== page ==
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of wear and tear due to intense training and competition, mostly noticeable with his arthritic knees.

Early Signs Ruslan and I bonded quickly—it was love at first sight for

me and I think the feeling was mutual. While all that was wonderful, in hindsight I noticed a few things here and there that didn’t seem quite right. For example, at times he seemed to plod along and even stumble, but as a new horse owner, frankly I didn’t heed the subtle hints. If he didn’t move out as I asked, I attributed that to my own lack of ability as a new rider. In November of 2009, I noticed his legs were swollen

from his knees down. He displayed soreness. He’d stumble now and again but that was deceiving because on a lunge line he was animated and pranced around like a youngster. He was on a variety of joint and arthritic supplements I’d rotate every so often. I knew from his history that he had not had any recent blood work so I made arrangements for a physical exam, baseline blood work and test for Lyme disease and a Western blot. On his physical exam arthritic knees were apparent (not surprising for a horse who saw heavy competition and training), also mild clubbiness to his right front foot, but there were no signs of anything neurologic. To my surprise, however, the Lyme/Western blot was 312, which for some veterinarians put him in a gray area on whether or not to treat. While the most common drug choice is Doxycycline, the frequency, dosage and length of duration on the antibiotic is the subject of much debate. Most horses, especially a 20-year-old, would probably

have been exposed at some time to Lyme disease. Even though 312 was in the ‘equivocal’ range (13–379), the test result meant that Ruslan had been exposed to the disease and that his body was making antibodies against it. Adding to the complexity of the decision, this disease is deceptive; symptoms are almost never clear cut and often mask themselves. Often they appear as general malaise, soreness and lack of willingness. After receiving differing advice from several veter-

inarians, I opted not to treat. As time went on, the soreness worsened in front. I sought the opinions of others and turned my attention to his shoes. Maybe we should try natural hoof care, I thought, so I enlisted the aid of a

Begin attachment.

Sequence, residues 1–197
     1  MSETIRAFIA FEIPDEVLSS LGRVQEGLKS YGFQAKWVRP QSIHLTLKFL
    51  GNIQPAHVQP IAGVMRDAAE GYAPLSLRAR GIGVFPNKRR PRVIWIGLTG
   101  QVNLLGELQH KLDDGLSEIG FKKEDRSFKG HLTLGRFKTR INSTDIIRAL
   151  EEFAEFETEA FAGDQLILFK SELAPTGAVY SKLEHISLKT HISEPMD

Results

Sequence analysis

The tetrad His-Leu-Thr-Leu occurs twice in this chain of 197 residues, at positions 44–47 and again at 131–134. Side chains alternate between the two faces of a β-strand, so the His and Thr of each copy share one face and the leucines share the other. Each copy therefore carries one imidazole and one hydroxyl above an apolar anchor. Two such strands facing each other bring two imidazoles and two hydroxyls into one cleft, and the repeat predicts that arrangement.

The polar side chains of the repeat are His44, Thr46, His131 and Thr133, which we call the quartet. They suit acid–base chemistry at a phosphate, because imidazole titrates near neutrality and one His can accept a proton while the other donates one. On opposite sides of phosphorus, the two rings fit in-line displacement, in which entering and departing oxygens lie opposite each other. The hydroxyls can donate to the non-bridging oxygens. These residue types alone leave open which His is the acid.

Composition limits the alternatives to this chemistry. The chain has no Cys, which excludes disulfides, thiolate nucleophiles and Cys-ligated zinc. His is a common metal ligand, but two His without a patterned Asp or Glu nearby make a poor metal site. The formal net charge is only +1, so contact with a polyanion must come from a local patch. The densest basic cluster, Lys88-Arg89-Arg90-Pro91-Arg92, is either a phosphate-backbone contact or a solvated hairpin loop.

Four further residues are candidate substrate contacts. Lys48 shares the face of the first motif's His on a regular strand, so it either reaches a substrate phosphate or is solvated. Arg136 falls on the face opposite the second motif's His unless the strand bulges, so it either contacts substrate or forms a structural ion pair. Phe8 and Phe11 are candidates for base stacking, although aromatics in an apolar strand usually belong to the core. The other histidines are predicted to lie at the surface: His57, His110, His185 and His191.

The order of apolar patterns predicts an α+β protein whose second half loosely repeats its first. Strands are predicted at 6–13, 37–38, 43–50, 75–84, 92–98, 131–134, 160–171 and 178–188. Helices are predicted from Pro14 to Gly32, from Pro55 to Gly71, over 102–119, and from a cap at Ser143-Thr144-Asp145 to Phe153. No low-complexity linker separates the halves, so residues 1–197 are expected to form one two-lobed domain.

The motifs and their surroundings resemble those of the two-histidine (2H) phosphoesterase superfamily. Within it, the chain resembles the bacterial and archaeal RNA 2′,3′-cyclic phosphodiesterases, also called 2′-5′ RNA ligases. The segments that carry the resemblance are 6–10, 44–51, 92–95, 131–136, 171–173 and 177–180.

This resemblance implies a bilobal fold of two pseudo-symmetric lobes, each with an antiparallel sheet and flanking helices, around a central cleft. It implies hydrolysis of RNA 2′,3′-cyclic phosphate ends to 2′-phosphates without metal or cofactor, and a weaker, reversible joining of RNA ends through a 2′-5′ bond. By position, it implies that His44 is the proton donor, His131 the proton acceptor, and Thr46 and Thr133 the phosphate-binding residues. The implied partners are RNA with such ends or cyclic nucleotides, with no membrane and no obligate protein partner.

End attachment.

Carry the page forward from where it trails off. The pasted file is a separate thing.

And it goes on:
natural hoof care trimmer and removed his shoes. For a time that helped but soon the soreness returned, and so I put his shoes back on. In the spring of 2010, we moved him to a new barn. Having more room in his turnout seemed to make a difference at first, but then it was back to the soreness again and this time it returned with a vengeance. I switched to a new farrier who worked closely with New England Equine in Dover, New Hampshire. The farrier, Frank Leone, recommended x-rays before

putting new shoes on him, wanting to make sure there was nothing structurally wrong with his hooves. Fortunately, there was not. With his feet properly measured and balanced and shod, Ruslan appeared better. But after a while I noticed the exaggerated head bobbing again. I ruled out shoeing as the culprit to his discomfort.

Lyme Diagnosis In the fall of 2010, Ruslan’s

Ruslan, Ann’s Russian Warmblood before he contracted Lyme.

situation took a turn for the worse. This once engaging horse, who always responded to me when I called him, now began to look dull and would flat out refuse to move forward from the walk either under saddle or on a lunge line. Then one afternoon I received a call from the barn manager. Ruslan was laying down in his turnout and had been in that position for nearly an hour. Together the barn

manager and barn owner finally got him to his feet and into his stall awaiting the arrival of the veterinarian. When I arrived, he was a sorry sight, leaning heavily against the back wall. My heart sank. This was not good and neither was the expression on

his face. The veterinarian’s first diagnosis was that it was probably Lyme and recommended another Lyme test. When the result came back, it was 303, lower than the first test (312) done the year before but with surprisingly more marked symptoms. This time you didn’t have to ask me twice about treatment. Working together, Dr. Kelly Butterworth of SRH

Veterinary Clinic in Ipswich, Massachusetts, and Dr. Regina Downey of Holistic Animal Healing Clinic in Exeter, New Hampshire, put forth a plan for Ruslan. Instead of the standard treatment in this region, which is three months of Doxycycline, we did 30 days of Doxycycline; fifty 100 mg. tablets twice daily which I carefully crushed using a small coffee grinder. The powder was then mixed with applesauce to make it palatable and administered by

Warmbloods Today 31

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